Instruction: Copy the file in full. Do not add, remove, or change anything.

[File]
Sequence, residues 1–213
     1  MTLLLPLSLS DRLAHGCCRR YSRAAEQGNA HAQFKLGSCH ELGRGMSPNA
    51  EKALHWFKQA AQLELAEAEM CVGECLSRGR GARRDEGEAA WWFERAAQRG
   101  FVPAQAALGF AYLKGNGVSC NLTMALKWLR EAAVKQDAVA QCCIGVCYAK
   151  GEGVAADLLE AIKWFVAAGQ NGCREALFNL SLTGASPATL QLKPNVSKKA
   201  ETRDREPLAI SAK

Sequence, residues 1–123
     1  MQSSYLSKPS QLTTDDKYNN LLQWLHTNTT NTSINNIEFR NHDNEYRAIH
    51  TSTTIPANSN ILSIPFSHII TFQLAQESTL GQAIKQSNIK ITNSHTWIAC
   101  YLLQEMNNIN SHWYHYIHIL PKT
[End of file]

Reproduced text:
Sequence, residues 1–213
     1  MTLLLPLSLS DRLAHGCCRR YSRAAEQGNA HAQFKLGSCH ELGRGMSPNA
    51  EKALHWFKQA AQLELAEAEM CVGECLSRGR GARRDEGEAA WWFERAAQRG
   101  FVPAQAALGF AYLKGNGVSC NLTMALKWLR EAAVKQDAVA QCCIGVCYAK
   151  GEGVAADLLE AIKWFVAAGQ NGCREALFNL SLTGASPATL QLKPNVSKKA
   201  ETRDREPLAI SAK

Sequence, residues 1–123
     1  MQSSYLSKPS QLTTDDKYNN LLQWLHTNTT NTSINNIEFR NHDNEYRAIH
    51  TSTTIPANSN ILSIPFSHII TFQLAQESTL GQAIKQSNIK ITNSHTWIAC
   101  YLLQEMNNIN SHWYHYIHIL PKT